SAVANNAH is the true story of Ward Allen, a romantic and bombastic character who rejects his plantation heritage for the freedom of life on a river. Ward navigates the change of early 20th ... See full summary »
Emma, Ravi, and Zuri Ross head off to a rustic summer camp in Maine, where their parents met as teens. Along with their new friends, love triangle,and the fears of the Kikiwaka. The trio tries their best to settle into their exciting and challenging new lives at Camp Kikiwaka.
Gifted trumpet player Clay Allen accepts a job as high-school music teacher. The music department is threatened by budget cuts. To raise community support, he tries to resurrect the school ... See full summary »
Eriq La Salle
Set in the Summer of 1963, Flint, Michigan is home to the Watsons, a close knit "All American Family" made up of Daniel and Wilona Watson, (Harris and Rose) and their three kids, 15 year-old juvenile delinquent Byron (Knight), nerdy 11 year-old Kenny (Jenkins) and eight year-old adorable sister Joetta (Jackson). When Byron's antics go over the top, his parents realize enough is enough and they decide the family needs a dose of Grandma Sands (Richardson) no nonsense approach in Birmingham, Alabama. So the Watsons load up the 1948 Plymouth Brown Bomber outfitted with a true tone Ultra-Glide turntable and head South with plenty of comedy en route. When they finally make it to Birmingham, they meet Grandma Sands and her friend, Mr. Robert (Grier), who show them around town and the Watsons discover that life is very different there than in Flint - and not necessarily for the better. During that historic summer, the Watsons find themselves caught up in something far bigger than Byron's ... Written by
A fictional historic movie that tells the story about the Afro-Americans family. It was a television movie adapted from a novel of the same name. The movie is a purpose to learn about the history. Also describes the unity of the family and importance to fight back for the right things which was inspiring. It was not a violent movie, it was PG rated that everyone in the family can watch together on a fine occasion. It was shorter and targets nothing particularly about, but all the stuffs that happen around the family was showcased satisfactory manner.
An old man, Kenny recalls his childhood incidental story when the country was in revolution for his race. Kenny is a 11-year-old, born in a happy middle class family who live in Michigan. He got a trouble making older brother and an adorable little sister. On a summer holiday they decide to visit grandma who is in Birmingham. So the journey begins, but half way through they come to know that revolution for the civil rights movement has begun. Once they have reached, after the initial few days all the three children start to like the city. One side the revolution and the other side the family vacation. How the Watson family encountered historic event that took place was briefed with many good dialogues and tragic incidents.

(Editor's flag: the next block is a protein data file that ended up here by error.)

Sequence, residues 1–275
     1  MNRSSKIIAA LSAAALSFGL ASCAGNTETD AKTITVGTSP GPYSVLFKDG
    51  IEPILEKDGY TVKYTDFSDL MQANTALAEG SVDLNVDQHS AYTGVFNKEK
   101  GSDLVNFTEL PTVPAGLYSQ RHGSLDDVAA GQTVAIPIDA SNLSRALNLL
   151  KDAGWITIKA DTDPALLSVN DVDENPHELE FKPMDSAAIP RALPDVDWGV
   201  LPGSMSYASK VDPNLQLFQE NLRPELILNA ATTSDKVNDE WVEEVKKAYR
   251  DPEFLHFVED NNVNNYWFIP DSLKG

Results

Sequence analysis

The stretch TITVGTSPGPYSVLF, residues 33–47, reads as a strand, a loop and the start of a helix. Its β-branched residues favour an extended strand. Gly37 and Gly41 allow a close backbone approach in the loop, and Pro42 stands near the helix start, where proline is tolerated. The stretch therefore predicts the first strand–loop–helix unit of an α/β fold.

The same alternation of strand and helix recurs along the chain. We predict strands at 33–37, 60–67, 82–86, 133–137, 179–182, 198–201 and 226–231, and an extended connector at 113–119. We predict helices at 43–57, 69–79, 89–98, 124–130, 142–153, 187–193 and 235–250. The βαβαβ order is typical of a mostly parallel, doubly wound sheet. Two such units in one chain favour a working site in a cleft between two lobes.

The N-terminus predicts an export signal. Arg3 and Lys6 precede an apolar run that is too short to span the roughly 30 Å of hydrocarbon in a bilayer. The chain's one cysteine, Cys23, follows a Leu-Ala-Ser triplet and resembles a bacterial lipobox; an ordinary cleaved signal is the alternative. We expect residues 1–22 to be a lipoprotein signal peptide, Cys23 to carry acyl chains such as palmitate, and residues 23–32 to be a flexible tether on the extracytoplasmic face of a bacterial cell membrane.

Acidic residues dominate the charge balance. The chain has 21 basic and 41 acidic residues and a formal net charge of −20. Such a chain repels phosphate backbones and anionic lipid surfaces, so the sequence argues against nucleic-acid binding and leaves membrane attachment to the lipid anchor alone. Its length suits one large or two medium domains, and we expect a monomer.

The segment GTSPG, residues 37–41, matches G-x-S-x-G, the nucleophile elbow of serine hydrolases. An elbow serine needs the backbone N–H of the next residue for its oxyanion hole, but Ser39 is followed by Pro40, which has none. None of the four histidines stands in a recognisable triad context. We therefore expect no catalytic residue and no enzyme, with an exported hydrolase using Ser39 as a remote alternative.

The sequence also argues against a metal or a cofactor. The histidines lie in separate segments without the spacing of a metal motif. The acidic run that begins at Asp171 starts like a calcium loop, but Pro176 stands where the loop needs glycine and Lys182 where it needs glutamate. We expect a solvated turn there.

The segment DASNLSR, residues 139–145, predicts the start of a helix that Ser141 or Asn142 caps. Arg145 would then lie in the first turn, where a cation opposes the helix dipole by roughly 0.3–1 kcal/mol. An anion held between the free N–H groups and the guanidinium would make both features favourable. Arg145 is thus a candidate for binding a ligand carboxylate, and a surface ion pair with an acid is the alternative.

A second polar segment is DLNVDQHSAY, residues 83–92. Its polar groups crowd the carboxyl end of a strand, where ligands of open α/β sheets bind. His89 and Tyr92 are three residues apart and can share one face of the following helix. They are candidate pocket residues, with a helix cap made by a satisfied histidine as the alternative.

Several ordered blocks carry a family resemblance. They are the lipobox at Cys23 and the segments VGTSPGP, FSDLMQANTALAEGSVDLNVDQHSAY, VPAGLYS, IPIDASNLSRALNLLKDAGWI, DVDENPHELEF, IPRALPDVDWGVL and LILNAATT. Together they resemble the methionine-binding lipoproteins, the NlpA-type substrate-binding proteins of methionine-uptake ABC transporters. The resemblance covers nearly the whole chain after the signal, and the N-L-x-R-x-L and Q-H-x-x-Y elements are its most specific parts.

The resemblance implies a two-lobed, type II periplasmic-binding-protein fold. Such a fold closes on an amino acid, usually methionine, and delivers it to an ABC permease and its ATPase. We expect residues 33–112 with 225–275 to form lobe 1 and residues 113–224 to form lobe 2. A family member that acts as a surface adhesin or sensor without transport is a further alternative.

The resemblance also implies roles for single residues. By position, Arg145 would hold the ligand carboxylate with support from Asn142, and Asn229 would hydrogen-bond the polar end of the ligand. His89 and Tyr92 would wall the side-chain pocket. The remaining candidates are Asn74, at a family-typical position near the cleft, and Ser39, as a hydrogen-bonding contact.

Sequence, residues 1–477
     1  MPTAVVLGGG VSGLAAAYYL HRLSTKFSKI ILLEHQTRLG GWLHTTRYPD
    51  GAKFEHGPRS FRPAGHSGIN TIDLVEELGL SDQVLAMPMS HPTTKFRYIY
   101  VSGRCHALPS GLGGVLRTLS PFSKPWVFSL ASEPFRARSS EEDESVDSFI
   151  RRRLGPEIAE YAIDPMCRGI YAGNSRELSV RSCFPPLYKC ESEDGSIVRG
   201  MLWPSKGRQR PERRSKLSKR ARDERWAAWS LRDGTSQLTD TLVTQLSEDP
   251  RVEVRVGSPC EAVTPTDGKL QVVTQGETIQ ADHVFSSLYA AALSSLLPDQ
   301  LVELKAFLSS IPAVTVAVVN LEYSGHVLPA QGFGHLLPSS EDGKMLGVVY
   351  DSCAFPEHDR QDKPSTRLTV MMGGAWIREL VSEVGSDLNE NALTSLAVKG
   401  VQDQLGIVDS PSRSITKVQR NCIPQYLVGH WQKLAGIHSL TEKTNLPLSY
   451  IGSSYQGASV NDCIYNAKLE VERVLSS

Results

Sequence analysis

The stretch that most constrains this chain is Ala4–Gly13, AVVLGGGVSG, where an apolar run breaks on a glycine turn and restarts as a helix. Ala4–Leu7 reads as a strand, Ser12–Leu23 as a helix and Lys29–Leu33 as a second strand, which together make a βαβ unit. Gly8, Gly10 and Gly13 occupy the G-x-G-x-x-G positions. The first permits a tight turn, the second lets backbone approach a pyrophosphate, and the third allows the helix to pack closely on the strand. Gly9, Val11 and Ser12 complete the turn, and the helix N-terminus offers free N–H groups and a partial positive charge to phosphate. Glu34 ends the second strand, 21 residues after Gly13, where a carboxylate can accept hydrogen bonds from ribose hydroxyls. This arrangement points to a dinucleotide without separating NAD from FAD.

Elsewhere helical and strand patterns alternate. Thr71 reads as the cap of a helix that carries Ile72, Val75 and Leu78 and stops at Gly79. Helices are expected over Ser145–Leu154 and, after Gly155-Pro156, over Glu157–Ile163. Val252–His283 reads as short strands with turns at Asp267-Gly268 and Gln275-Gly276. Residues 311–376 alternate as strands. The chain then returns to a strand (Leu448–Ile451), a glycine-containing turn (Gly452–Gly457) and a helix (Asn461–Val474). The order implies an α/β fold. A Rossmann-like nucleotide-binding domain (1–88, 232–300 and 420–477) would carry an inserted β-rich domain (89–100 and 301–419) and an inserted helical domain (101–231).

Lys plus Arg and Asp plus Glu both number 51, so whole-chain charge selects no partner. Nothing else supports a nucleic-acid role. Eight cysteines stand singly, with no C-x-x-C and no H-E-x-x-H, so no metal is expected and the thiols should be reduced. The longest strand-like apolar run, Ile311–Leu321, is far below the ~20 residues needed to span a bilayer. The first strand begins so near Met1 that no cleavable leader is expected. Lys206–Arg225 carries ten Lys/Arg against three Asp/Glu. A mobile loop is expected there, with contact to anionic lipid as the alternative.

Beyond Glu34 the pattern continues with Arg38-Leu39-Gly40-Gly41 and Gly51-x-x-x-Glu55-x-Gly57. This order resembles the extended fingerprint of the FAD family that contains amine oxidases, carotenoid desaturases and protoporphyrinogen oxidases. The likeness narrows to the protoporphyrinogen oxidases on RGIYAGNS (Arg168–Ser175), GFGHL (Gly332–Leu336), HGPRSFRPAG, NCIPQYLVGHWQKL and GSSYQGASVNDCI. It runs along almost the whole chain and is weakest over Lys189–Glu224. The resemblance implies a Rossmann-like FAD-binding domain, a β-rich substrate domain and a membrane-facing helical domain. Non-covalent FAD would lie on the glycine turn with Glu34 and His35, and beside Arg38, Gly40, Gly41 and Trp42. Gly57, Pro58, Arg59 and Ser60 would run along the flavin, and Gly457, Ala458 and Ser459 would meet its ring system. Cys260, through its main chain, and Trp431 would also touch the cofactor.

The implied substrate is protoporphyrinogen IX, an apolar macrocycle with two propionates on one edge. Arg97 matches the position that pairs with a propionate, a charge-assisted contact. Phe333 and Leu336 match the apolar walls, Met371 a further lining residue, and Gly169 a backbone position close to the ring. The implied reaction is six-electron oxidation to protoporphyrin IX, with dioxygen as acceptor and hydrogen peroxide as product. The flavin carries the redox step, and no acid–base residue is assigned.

''Nonviolence is the key in the fight... To break the bondage of oppression.''
A fine family story. This television movie offers lots of fun moments as well thinkable about our history. Good performance except a couple of them did not convince through their exhibition. The story was told from a kid's perspective about the events he witnessed during the holiday vacation that changed the history of entire country forever. As a kid, he grew up in a society that troubled by racism remarks. Where he visits during the holiday makes him realize the existence of two kinds of a divided society.
The story of the family might be fictitious, but the affairs happened around them were based on the real. Especially the bombing incident was very true. Anyway, a simplest movie for television audience. This movie is especially for people who are not into books. Those who are into both are always draw differences. I have not read it, but I liked this movie. Not a must see movie, but to add to the watch list and give it a shot when the proper time you think has arrived.
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